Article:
servants among the media and intellectuals, and against attacks which
from the false point of view of imperialist "morality" and the
the oppressed. In engaging in this defense, it is necessary to
Iraqis might consider the UN an enemy institution, and to dispel some
mythology about it.
In a discussion -among Marxists-, I have the obligation to argue in
the above strategy, and to convince, if possible, other Marxists who
already convinced of it that they also ought to defend all the various
elements of the Iraqi resistance against US imperialism and its
and ought to approach the situation dialectically in terms of the
that is going on now, and not exclusively in terms of the CIA coup in
the supposed 'counter-revolutionary' nature of Baathists and
certainly not by labeling them as 'medieval' and 'uncivilized', there
not an ounce of Marxism in such an approach. Other Marxists have a
disagree. But it is not my fault that disagreements about such
questions in a
time of war are substantively important, or that the intensity of the
discussion reflects this importance.
Now, suppose some other Iraqi resistance entity comes along and says,
that it was wrong to attack the U.N. and was not legitimate in any
the bombing should be condemned by everybody. Now you come along and
you won't condemn it, so you are taking a firm line on a dispute
resistance!" So far as I know, nobody HAS come along to say this to
Frankly I think the Iraqi resistance forces have better things to do
start arguments with forces that are involved in BTTHN activity in the
about exactly what statements they are making and so on. But in the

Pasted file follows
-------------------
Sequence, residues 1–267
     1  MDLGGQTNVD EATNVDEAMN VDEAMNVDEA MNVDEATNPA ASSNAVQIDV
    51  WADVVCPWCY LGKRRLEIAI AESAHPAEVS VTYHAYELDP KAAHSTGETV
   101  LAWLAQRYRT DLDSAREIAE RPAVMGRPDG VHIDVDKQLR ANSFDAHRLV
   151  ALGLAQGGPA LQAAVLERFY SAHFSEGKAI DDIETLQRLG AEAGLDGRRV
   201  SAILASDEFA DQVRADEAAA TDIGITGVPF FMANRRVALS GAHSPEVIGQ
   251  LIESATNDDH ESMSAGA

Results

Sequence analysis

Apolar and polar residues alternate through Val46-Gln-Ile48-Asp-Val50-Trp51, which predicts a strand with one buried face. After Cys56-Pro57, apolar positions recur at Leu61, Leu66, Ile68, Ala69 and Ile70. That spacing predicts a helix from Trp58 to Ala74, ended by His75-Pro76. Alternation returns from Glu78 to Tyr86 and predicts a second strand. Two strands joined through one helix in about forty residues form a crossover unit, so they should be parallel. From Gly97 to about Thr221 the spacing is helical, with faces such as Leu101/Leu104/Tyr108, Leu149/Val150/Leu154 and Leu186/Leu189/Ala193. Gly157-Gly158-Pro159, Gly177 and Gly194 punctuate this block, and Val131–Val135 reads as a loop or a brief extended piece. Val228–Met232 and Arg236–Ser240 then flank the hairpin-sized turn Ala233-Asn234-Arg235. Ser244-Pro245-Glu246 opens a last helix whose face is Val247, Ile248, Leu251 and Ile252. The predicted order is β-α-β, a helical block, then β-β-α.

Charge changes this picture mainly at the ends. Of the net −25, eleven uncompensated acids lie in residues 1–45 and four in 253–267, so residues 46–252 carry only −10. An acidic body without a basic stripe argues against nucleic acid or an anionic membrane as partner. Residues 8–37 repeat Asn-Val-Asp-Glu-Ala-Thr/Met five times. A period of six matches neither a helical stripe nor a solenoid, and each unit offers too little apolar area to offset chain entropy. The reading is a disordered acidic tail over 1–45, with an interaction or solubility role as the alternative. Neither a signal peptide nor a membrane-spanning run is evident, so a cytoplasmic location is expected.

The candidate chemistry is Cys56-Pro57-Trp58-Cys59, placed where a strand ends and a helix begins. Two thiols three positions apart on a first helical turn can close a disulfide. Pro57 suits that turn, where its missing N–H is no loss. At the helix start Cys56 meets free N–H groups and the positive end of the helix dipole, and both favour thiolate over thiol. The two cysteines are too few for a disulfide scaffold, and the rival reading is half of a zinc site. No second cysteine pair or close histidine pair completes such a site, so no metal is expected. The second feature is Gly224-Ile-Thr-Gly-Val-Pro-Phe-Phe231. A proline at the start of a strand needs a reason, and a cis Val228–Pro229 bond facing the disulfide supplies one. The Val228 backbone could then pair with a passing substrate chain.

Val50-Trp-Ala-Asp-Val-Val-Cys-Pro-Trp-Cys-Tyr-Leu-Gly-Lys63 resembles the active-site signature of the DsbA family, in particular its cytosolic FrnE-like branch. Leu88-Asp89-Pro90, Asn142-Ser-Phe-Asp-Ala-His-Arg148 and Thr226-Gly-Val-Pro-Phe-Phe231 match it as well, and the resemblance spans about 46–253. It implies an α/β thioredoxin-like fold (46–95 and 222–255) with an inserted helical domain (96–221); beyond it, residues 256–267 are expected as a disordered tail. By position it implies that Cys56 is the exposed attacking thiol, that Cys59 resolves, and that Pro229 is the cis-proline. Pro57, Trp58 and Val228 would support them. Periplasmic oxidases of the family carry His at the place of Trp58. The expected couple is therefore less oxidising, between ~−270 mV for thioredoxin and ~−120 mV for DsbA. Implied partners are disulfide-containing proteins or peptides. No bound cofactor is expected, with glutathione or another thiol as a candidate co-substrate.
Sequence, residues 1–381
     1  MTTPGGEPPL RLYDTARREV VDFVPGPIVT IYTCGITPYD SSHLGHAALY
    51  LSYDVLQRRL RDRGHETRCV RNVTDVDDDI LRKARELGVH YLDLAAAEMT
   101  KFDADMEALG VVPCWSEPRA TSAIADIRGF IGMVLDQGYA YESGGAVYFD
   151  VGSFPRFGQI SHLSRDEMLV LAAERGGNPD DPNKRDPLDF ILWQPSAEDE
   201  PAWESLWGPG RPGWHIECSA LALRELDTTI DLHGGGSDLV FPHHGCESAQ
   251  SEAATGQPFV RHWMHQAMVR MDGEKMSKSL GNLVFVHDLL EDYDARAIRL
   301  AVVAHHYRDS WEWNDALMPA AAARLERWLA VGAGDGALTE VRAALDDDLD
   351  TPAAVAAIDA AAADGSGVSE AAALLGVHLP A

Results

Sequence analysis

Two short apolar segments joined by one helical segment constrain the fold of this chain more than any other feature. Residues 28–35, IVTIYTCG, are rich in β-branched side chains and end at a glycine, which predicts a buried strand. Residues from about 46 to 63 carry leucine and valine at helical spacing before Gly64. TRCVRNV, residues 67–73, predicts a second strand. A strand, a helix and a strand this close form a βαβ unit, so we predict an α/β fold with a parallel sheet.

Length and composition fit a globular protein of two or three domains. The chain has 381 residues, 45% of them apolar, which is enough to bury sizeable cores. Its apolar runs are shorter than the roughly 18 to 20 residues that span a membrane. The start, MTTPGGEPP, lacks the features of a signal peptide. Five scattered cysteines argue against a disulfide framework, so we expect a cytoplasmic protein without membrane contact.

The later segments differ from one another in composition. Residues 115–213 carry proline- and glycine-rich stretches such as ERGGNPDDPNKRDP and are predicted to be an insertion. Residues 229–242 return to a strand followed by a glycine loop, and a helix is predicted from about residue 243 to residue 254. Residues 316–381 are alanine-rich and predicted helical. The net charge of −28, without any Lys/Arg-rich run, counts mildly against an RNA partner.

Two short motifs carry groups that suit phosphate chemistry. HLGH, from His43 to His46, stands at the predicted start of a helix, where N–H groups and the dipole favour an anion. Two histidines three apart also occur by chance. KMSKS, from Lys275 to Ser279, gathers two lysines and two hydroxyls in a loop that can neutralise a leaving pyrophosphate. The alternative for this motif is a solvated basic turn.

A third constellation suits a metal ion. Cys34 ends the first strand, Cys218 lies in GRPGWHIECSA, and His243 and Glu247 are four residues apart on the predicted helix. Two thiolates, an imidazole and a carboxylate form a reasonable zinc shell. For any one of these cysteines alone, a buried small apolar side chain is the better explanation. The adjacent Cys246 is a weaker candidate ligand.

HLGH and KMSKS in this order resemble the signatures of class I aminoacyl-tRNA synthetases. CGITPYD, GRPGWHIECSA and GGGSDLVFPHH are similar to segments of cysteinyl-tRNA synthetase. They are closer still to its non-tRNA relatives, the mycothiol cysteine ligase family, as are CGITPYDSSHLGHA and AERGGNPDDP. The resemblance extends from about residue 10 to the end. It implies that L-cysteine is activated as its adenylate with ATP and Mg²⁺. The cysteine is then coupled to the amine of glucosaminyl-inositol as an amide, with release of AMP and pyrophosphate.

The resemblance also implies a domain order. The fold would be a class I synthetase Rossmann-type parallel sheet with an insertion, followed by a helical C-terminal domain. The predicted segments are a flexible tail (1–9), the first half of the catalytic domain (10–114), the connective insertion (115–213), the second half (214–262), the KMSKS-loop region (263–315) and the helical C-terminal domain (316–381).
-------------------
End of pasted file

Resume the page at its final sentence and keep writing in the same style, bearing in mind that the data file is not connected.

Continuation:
hypothetical case that this were to happen, my response would be, "I
taking a line on whether this attack was correct or not. But we are
defend the people who did it -against the US imperialists-, just as we
you or any and all other elements in the resistance -against the US
imperialists-. This has always been our understanding of our duties
national liberation struggles, including those within the borders of
I hope this clears the air a bit,
2. Reply from Nestor Gorojovsky
El Miércoles 3 de Septiembre de 2003 a las 10:25,
Fred Feldman dijo sobre How to misuse unconditional support of "the"
> When Nestor Gorojovsky is insistent on the alleged parallels betweendown like
> Peron and Saddam (I really don't think there are any), he comes
> a ton of bricks on a question that is also hotly debated in thenational
> movement against the occupation. As someone who has learned a greatdeal
> from Nestor about the concreteness of the Argentine situation, Ihave been
> shocked by the stereotyped approach he has taken to Iraq. In myopinion,
> he has attacked the question with an Argentine cookie-cutter.I guess Fred is sanctifying Perón as much as older Leftists have
Satanized him. The points of contact between Perón and Saddam are as
many as the objective situations allow. To be sure, most Peronists
today side with Saddam and remember Perón's "tapes from Madrid"
during exile every time they learn of Saddam's "tapes from
clandestinity"! You may like national-bourgeois leaderships in the
Third World or not, but you have to take them as a whole, not in
If I wanted to, I could draft as serious an anti-Peronist diatribe as
many have drafted anti-Saddam diatribes. I repeat: I am NOT saying
that Saddam and Perón are the same thing.
But they share something, something they share with Chávez and even
Fidel: they were the privileged targets of imperialist intervention.
And this, which tells a lot to masses of people the Third World over,
should not be overlooked.
BTW: Chávez had all to gain and nothing to lose with Saddam remaining
in Iraq, since his oil policies search to set Venezuela free from the
dollar. Saddam was advancing on the same line.
Néstor Miguel Gorojovsky